October 26, 2007
Q1: What impact will U.S. sanctions have on Iran’s nuclear ambitions?
A1: The sanctions imposed by the U.S. Departments of State and Treasury on October 25 are directed at the Iranian Revolutionary Guard Corps (IRGC) and their affiliated financial institutions and were imposed in response to the IRGC’s ballistic missile–related activities. The missile-related focus of the sanctions, however, can have a spillover affect in constraining the IRGC’s ability to finance parts of its operations, which extend into most areas of Iran’s military procurement, including its nuclear development program. This may, in turn, make it harder for Iran to procure the materials and technology needed from overseas to complete its plans to operate an industrial-scale uranium enrichment facility.
The focus of the sanctions on missile activities raises a serious question, however. The purpose of the sanctions, presumably, is to convince key officials within the IRGC to sour on the nuclear program and to support policies within the Iranian government that could lead Iran to forgo the most sensitive parts of its nuclear ambitions (i.e., enrichment and reprocessing). However, it is likely that Iran’s missile programs will continue even if it agrees to suspend or end its nuclear activities. Iran’s missile programs, which unlike its nuclear activities, are not being pursued in violation of international law or UN Security Council edicts, were begun after Iraq’s missile bombardment of Tehran during the Iran-Iraq war and are closely integrated with Iran’s active military services. This suggests that the missile programs and the missile-related sanctions will remain in place even if Iran complies on the nuclear issue, thus undermining any positive impact on the nuclear issue the sanctions may have been designed to have.
Q2: As Iran seeks to expand its power in the Gulf and the Middle East, will the U.S. sanctions embolden or isolate Iran with its neighbors and within the region? What will sanctions mean for U.S. credibility within the region?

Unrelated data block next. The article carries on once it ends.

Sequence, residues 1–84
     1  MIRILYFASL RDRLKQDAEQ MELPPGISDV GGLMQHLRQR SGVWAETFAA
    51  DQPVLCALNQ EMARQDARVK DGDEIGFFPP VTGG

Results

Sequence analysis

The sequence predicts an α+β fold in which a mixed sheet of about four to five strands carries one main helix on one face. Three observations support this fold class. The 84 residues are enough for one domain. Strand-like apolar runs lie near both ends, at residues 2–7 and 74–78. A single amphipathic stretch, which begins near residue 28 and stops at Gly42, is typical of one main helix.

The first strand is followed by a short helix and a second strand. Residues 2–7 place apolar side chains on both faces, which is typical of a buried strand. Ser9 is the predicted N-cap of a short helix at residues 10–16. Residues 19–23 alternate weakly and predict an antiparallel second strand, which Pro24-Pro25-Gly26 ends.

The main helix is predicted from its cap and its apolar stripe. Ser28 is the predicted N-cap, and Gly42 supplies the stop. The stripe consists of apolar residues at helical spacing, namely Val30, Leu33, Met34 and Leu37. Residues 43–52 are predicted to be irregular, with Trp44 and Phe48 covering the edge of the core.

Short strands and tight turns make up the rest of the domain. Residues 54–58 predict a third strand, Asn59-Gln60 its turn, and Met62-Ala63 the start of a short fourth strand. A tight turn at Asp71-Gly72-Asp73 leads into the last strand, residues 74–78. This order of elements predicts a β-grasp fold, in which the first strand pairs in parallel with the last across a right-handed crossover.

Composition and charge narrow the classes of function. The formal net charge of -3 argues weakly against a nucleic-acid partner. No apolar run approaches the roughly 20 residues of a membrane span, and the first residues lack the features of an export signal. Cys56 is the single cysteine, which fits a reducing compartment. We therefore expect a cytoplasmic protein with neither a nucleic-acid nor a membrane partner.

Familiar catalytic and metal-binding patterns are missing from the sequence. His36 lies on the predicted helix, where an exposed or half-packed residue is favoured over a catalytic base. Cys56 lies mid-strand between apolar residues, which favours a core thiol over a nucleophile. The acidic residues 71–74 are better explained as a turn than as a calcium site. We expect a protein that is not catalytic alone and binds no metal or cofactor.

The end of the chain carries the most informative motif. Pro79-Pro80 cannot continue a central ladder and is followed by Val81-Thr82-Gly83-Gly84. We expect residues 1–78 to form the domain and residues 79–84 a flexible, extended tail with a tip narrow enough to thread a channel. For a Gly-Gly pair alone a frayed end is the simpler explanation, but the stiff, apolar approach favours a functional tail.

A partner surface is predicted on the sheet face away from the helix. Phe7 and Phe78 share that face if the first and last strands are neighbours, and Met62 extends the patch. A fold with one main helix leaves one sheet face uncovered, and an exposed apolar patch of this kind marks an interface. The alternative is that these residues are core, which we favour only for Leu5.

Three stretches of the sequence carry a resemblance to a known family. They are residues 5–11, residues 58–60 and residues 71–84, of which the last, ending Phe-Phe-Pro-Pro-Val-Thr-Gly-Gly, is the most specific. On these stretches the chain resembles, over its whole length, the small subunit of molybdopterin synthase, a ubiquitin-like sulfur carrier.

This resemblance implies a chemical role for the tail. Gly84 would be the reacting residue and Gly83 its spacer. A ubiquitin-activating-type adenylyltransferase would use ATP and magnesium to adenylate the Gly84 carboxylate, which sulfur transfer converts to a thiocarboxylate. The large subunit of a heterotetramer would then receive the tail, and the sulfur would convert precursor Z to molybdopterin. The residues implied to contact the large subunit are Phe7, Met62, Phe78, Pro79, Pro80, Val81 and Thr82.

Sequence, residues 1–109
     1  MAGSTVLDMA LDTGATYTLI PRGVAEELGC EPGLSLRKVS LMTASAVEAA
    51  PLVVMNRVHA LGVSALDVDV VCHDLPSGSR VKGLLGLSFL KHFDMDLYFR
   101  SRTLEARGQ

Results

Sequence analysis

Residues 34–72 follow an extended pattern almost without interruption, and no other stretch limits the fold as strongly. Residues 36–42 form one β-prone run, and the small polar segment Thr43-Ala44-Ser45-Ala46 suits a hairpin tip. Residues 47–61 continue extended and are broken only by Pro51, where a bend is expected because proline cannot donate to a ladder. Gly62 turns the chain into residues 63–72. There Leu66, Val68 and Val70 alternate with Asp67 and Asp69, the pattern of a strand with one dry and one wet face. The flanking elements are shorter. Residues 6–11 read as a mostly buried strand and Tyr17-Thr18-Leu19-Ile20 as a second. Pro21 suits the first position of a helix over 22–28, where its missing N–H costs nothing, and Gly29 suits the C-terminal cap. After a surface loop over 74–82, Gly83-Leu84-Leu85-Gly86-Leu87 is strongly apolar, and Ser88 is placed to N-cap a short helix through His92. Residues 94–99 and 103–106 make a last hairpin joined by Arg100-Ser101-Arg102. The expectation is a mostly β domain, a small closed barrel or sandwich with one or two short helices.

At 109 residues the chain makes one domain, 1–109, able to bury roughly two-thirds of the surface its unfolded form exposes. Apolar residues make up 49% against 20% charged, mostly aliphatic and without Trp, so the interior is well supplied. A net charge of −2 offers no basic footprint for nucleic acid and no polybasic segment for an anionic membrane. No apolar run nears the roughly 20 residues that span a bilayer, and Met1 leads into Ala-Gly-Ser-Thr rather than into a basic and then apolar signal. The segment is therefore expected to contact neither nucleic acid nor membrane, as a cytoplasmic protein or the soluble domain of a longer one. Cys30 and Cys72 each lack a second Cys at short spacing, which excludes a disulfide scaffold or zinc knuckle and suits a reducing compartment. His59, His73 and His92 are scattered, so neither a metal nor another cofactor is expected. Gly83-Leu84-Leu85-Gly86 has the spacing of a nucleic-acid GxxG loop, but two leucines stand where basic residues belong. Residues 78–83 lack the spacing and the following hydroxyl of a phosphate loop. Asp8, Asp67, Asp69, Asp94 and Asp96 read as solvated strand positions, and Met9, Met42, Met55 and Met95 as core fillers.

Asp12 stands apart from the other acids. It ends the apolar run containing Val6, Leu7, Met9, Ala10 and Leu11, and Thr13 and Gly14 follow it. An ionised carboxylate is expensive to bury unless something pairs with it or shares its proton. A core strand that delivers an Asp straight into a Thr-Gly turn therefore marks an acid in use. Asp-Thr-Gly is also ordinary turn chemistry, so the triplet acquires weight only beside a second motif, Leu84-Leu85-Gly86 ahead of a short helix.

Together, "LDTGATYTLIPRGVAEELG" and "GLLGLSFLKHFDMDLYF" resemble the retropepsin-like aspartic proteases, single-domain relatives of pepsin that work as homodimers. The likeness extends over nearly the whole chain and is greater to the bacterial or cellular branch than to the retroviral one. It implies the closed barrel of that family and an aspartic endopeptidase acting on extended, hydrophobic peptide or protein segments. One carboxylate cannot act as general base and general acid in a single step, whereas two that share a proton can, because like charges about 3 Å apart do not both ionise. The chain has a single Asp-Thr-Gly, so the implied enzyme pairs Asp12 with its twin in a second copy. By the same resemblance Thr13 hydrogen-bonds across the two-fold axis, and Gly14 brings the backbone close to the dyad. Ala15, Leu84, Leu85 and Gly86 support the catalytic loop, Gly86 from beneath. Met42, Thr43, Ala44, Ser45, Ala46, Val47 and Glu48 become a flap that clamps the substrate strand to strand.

A2: In and of themselves, it is doubtful that the sanctions will have a major impact on Iran’s behavior or its relations with others in the region. Many of Iran’s neighbors are concerned about its hegemonic intentions, but they are also concerned about the long-term commitment of the United States to the region. To the extent that the United States focuses on the challenge posed by Iran’s nuclear program and its broader policies in the region, America’s ability to influence Iran’s neighbors will be enhanced. However, Iraq and the endgame there will have a much greater influence on how the United States is perceived in the region than any near- or mid-term financial moves Washington might make.
Q3: Will U.S. sanctions influence our allies in Europe and Asia to impose similar sanctions? Specifically, will Russia and China continue to oppose sanctions on Iran?
A3: The Bush administration imposed unilateral sanctions due, in part, to growing frustration over the slow pace of international efforts to pressure Iran to change the direction of its nuclear program. It is possible that Washington is trying to use what leverage it has to demonstrate to European and other powers that the United States may have to rely increasingly on unilateral coercive measures unless an international consensus on Iran can be maintained. The sanctions against Iran’s banking institutions will likely force more countries in Europe and Asia to reconsider their financial relationships with targeted Iranian entities and banks. It is also possible that the U.S. moves might convince Russia and China to be more supportive of certain sanctions on Iran. However, both countries are also likely to respond with concern that further sanctions could lead to a more acute crisis and risk open military conflict with Iran, something both states would likely oppose.
Jon Wolfsthal is a senior fellow in the International Security Program at the Center for Strategic and International Studies (CSIS) in Washington, D.C.
Critical Questions is produced by the Center for Strategic and International Studies (CSIS), a private, tax-exempt institution focusing on international public policy issues. Its research is nonpartisan and nonproprietary. CSIS does not take specific policy positions. Accordingly, all views, positions, and conclusions expressed in this publication should be understood to be solely those of the author(s).
© 2007 by the Center for Strategic and International Studies.